Hiring is one thing, but can you fire?

Hiring is one thing, but can you fire?

Early in my career, I seemed to always avoid management opportunities, never thought about it much, just always had the attitude that I just wanted to “do my own thing and sell”.  When you are good at sales, often your organization will tap you on the shoulder and say something like “how would you feel about leading a sales team?”, I always just said “no thanks”.  I went on to start a couple of my own businesses and on occasion would have a couple employees (small business type stuff just the way I liked it). 

I recently watched a video clip of the Key Note Address given by Patrick Lencioni to the 2017 USCCB Convocation of Catholic Leaders, and it was excellent! (link below, I highly recommend you watch it!)  It really gave me a lot to think about, especially as I have made the decision to move part (hopefully most if not all)  of my recruiting practice into the Catholic employment world.  One of the main points made to Catholic leaders is that you have to start with a foundation of “Radical Trust” so that you can then engage in “Healthy Conflict”.  After thinking about this, a lot of memory from my old sales days came flooding back, and I remember thinking and actually saying to several people that “you know I could hire people no problem, but man…..I don’t know if I could ever fire anyone….”  And, in my own small businesses I must admit I had a heck of a time managing the few people who did work for me and avoided conflict at every turn often to the detriment of my business. 

Now, I’m not in any way advocating just mustering up some courage and firing people as a quick solution to a problem in your organization and either is Lencioni.  He actually gives a compelling 5 step plan on how to “build and lead” an effective team that I wish I would have known about years ago. But could you fire someone if you needed to?  I think it is a good question. 

How many parishes have you seen where there is that one person, who has been there forever and runs roughshod over a new Pastor because “this is the way we have always done it”.  How often is a hire made in the parish because it’s someone’s sister or parish member for 15 years and the general consensus is that “oh yeah they will be great at that” only to find out they are terrible or lazy or way over their head, and now no one has the guts to fire them because it would cause so much personal conflict within the parish.  Lencioni is right, in effective leadership, you must be able to engage in conflict (in Love to the extent that you can) and that is hard.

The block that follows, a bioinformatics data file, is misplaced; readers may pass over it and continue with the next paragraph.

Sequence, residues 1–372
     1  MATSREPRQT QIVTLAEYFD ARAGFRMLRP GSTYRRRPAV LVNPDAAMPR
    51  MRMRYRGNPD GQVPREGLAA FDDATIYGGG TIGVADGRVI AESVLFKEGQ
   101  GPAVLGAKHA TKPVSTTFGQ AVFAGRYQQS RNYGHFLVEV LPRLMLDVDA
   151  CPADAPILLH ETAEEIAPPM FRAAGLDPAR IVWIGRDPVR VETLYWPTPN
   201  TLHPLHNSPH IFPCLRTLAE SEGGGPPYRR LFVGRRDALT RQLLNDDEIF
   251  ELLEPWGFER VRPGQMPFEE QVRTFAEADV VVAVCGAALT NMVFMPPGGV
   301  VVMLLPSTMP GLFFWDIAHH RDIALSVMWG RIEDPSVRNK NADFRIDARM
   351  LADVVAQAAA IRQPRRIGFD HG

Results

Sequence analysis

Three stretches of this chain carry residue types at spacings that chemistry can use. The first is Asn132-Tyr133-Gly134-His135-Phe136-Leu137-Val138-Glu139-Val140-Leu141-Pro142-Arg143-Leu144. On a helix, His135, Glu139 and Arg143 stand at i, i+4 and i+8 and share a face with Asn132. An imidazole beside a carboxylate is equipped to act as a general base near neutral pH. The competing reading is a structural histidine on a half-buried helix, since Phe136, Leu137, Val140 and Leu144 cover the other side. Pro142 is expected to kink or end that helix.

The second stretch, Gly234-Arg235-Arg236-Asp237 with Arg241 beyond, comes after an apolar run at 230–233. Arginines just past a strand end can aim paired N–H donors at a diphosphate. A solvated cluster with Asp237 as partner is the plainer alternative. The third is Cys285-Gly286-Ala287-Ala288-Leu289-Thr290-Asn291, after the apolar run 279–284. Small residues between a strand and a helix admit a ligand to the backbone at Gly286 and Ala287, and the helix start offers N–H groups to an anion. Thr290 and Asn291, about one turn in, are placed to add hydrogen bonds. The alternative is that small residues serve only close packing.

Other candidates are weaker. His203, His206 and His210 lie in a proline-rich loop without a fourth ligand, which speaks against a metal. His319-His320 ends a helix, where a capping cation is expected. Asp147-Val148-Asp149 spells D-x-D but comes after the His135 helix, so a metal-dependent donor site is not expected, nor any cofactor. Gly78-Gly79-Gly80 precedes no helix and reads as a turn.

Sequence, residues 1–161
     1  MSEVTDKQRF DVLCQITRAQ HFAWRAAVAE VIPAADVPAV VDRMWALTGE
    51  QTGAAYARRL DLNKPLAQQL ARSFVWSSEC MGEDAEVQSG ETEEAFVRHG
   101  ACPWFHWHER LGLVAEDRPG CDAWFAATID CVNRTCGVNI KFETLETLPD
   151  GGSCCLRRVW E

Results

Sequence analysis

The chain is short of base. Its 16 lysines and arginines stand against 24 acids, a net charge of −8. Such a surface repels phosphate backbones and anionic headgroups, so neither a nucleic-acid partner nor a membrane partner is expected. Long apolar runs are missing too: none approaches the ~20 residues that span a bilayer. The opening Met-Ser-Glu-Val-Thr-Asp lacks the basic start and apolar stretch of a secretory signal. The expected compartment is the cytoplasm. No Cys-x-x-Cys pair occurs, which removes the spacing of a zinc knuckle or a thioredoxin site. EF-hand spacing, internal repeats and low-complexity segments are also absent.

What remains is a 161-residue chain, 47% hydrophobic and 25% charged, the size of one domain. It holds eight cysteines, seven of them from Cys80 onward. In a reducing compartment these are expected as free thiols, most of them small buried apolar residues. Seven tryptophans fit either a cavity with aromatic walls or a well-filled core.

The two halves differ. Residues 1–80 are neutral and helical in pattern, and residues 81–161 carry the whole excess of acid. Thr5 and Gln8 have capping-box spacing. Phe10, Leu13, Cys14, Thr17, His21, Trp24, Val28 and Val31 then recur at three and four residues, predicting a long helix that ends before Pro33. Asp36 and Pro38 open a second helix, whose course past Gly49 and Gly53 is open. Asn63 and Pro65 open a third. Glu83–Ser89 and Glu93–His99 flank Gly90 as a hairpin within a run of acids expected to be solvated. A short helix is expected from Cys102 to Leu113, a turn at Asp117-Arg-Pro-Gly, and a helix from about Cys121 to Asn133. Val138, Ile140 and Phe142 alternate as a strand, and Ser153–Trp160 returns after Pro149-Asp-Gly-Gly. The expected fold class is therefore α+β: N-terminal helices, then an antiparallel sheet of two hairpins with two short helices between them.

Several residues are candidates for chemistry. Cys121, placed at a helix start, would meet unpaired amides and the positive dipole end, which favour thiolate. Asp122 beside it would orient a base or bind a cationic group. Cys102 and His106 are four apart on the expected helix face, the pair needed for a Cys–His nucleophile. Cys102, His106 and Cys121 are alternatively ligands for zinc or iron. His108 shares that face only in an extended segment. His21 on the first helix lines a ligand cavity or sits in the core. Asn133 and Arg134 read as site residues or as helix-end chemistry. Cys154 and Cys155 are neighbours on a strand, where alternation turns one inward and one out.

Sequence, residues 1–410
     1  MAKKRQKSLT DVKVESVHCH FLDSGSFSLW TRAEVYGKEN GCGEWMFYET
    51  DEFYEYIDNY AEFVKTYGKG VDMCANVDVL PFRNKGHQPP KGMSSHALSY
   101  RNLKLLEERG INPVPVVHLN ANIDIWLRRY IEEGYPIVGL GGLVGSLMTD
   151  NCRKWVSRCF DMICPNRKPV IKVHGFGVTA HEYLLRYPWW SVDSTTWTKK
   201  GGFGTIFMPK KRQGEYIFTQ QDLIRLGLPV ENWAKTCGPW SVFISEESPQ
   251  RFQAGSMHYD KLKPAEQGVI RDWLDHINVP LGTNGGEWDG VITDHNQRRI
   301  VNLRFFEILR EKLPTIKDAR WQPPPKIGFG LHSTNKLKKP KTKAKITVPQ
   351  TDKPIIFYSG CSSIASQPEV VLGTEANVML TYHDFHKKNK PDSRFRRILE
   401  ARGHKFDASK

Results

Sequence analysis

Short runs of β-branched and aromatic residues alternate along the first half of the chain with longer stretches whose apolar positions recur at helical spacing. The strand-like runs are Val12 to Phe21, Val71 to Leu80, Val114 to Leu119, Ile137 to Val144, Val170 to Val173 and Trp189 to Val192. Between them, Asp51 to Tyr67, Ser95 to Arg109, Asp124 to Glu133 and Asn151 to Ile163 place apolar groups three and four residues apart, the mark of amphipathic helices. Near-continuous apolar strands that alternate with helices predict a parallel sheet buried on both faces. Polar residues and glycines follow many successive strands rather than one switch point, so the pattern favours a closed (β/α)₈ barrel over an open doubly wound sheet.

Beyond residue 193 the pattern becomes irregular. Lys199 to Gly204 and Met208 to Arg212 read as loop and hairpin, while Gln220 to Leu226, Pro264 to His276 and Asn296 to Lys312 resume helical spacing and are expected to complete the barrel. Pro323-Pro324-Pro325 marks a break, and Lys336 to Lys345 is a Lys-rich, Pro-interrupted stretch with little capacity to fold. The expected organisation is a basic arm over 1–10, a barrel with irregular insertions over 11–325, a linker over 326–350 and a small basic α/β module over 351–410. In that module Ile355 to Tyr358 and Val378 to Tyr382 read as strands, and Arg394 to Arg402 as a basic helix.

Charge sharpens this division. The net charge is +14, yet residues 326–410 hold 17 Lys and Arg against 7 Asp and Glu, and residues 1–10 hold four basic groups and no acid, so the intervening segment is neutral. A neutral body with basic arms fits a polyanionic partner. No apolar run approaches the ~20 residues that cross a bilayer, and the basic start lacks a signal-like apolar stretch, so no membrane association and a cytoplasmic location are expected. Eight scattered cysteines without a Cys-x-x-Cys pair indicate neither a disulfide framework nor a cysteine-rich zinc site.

So, a couple thoughts:

  • This topic reiterates the importance of a well written and comprehensive Job Description. If the JD spells out in detail the expectations of employment, then you have a solid document to review when addressing why an employee is failing.
  • If you as a new leader inherit employees, you should in the very initial meetings with your staff individually ask them if there was a Job description given when they were hired and instruct them that you would like to review it with them. Take the opportunity in this initial review to add your input on what you would like to see as part of the job and edit the JD and have the staff member sign it so that expectations are clear.  If there never was a Job Description, then start from scratch with their input.  Bottom line you must set expectations as the new leader.
  • If formal employee reviews are not part of your management processes they should be. Nothing is more effective at correcting insufficient work or bad behavior than a paper trail that can be reviewed and discussed.
  • For new hires, I would as part of their written Offer of Employment have a clause that spells out that “continued employment is contingent on successful completion of a 90 day trial period that would include……(then spell out exact expectations of what is reasonable to expect over the first 3 months of employment). In my experience most clients easily know if someone is going to work out in the first 90 days (usually 45) and if you have clearly outlined expectation and they are not being met, then the conversation as to why “this just isn’t working out and we are going to have to let you go…” is so much easier.

Companies in the secular world must manage well to make a profit.  Our Catholic church organizations be they large or small must be managed well for what…….salvation of souls!  What could be more important than that?

Patrick Lencioni: 5 Ways to build and lead effective teams in the Church

If you like the video, read this:

The Amazing Parish: Courage of an American Pastor